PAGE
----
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Inside Olympia — Civility in Politics

This week on Inside Olympia, host Austin Jenkins interviews local citizens and elected officials who are concerned about polarization and lack of civility in politics, and are working to change that. Snohomish County Council members Jared Mead, a Democrat, and Nate Nehring, a Republican, have started a nonprofit called “Building Bridges” that seeks to inject civility into the political debate, and get their message out to school kids. Sean O’Brien, who works on clean energy in his day job, is chair of the Tri-Cities Civility Caucus, which is working to promote civil political discourse.

Jared Mead and Nate Nehring got together after the events of Jan. 6, 2021, at the U.S. Capitol, and penned an op-ed that appeared in The Herald of Everett, talking about the need to reach across the partisan aisle. They received a lot of positive feedback, but also initially pushback from their local political parties. Since then they’ve spoken at and scheduled public events at many schools and civic organizations, culminating in a civics summit this past December in Everett.

Mead and Nehring often find themselves voting against each other on the Snohomish County Council. Their political differences are deeply held. Yet, they say they’ve forged a relationship where, when they find themselves on different sides of a hot, polarizing political issue, they’ll talk to each other, hear each other out, and try to understand what the other side is saying.

Recent state and national polls show about 9 in 10 people are concerned about the tone of politics and the future of our democracy. One in four has stopped talking to a close friend or relative over politics. Their “Building Bridges” nonprofit includes a pledge people can take, to commit to a more respectful way of talking politics. This includes what they call “really simple things that we sometimes don’t remember in the heat of the moment.”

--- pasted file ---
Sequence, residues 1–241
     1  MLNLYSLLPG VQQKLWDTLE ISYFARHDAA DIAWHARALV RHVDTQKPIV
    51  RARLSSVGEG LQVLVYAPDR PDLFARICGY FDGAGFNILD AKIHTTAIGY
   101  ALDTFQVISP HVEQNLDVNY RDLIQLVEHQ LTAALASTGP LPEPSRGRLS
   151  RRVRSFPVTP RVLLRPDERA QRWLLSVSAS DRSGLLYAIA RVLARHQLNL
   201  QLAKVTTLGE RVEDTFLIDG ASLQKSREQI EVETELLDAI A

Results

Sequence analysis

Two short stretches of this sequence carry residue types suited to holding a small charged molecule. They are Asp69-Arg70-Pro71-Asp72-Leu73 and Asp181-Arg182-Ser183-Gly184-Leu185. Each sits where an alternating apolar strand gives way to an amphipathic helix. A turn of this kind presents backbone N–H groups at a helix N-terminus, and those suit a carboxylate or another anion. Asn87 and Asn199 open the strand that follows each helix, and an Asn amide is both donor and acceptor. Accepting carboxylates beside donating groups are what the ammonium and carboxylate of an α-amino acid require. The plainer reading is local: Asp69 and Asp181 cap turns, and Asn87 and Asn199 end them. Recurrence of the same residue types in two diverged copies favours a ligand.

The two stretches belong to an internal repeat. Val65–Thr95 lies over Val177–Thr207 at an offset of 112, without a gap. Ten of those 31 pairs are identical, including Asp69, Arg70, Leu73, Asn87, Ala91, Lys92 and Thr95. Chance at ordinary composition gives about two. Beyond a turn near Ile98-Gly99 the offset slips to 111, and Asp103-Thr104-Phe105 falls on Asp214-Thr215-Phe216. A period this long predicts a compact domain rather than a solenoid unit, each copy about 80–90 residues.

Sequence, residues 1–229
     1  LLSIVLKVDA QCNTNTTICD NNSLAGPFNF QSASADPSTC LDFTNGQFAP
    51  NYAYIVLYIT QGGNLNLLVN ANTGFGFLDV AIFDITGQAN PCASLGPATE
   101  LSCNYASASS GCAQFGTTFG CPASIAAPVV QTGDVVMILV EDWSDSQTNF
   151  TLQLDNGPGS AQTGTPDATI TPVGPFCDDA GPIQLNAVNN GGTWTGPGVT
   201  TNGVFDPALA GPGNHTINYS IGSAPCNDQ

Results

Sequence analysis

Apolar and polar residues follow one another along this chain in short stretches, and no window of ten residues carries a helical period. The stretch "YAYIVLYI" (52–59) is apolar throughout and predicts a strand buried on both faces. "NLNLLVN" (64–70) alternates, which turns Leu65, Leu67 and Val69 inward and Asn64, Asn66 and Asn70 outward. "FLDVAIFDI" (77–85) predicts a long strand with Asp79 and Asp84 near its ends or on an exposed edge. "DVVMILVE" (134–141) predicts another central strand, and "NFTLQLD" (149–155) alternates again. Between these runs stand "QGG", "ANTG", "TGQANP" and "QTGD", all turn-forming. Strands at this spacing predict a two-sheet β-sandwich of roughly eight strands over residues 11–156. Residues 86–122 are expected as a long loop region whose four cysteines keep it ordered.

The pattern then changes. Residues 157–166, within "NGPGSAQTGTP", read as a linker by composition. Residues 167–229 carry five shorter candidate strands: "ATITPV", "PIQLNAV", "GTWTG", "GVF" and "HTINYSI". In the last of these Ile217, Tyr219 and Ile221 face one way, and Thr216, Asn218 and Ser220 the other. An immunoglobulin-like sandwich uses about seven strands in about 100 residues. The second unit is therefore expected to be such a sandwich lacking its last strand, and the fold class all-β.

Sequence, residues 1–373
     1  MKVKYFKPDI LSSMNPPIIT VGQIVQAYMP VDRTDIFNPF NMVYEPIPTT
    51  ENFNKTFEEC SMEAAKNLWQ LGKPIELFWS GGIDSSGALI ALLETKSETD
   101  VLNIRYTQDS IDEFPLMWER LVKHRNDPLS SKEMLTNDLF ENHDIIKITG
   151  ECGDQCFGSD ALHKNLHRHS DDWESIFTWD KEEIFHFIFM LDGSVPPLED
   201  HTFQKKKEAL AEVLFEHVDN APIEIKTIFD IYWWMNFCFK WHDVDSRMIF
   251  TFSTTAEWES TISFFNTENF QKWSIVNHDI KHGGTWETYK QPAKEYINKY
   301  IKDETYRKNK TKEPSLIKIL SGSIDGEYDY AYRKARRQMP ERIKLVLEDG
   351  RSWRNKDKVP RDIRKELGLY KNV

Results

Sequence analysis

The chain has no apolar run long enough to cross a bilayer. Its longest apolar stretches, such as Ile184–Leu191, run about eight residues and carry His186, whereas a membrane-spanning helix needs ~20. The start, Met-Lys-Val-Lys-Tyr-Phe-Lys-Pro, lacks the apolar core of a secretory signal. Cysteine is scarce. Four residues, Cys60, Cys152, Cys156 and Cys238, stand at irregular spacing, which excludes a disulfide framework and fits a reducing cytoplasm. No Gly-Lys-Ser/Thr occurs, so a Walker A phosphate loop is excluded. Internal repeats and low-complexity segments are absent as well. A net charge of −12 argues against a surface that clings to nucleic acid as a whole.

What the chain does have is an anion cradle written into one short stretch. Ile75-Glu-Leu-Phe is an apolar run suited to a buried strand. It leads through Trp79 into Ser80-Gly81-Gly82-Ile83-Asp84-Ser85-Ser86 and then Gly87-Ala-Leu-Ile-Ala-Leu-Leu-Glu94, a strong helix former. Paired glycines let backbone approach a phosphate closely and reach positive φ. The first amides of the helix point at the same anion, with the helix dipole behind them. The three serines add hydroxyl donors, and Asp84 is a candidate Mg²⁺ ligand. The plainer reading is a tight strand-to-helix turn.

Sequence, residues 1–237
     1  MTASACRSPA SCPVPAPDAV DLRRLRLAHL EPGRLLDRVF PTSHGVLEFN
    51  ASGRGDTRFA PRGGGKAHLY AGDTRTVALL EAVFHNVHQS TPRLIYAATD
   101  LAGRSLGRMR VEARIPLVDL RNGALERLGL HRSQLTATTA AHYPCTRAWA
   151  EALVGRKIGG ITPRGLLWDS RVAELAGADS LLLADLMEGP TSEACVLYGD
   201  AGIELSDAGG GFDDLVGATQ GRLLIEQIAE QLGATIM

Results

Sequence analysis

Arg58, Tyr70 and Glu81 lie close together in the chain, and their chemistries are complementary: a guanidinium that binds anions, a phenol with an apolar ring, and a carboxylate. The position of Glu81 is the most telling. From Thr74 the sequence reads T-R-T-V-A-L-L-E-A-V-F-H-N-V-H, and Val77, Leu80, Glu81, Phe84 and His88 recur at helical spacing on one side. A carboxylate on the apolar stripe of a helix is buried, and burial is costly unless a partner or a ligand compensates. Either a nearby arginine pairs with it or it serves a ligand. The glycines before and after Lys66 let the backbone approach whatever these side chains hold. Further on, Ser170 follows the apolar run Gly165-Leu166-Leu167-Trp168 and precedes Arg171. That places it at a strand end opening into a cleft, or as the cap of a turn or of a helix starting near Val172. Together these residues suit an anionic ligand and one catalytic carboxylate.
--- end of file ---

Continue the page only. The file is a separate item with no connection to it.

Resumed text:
At the same time, they stress that civility is not about giving up your beliefs. It’s about how you talk with others about those beliefs.

Mead and Nehring say even with political opponents you can find areas where you do agree. Mead stresses the importance of “being curious” – if you find yourself at political odds with another person, rather than writing them off, ask them why? Why do they believe what they believe? Nehring talks about the value of when you’re yelled at, not yelling back, a way to lower the temperature of a political argument.

Sean O’Brien formerly worked as a congressional staffer in the other Washington. He said a 2017 congressional baseball shooting started a movement in Congress in which two members decided to purposefully visit each other’s districts, understand their different concerns, and talk about bipartisanship. The Tri-Cities effort builds on that model.

While politics are polarized, according to O’Brien, even in Washington D.C. “so much of the real story is not being told”: bipartisan work is happening, he says, but it doesn’t sell social media clicks, so people aren’t aware of it.

One of his goals is how, with social media, to “monetize the good” to combat those who are benefiting from or monetizing polarization on social media. 

His advice for people in what promises to be a hot election year? “Turn off your social media, turn off your TV, talk to your neighbor.” Focus on local civic institutions, “including your front porch.”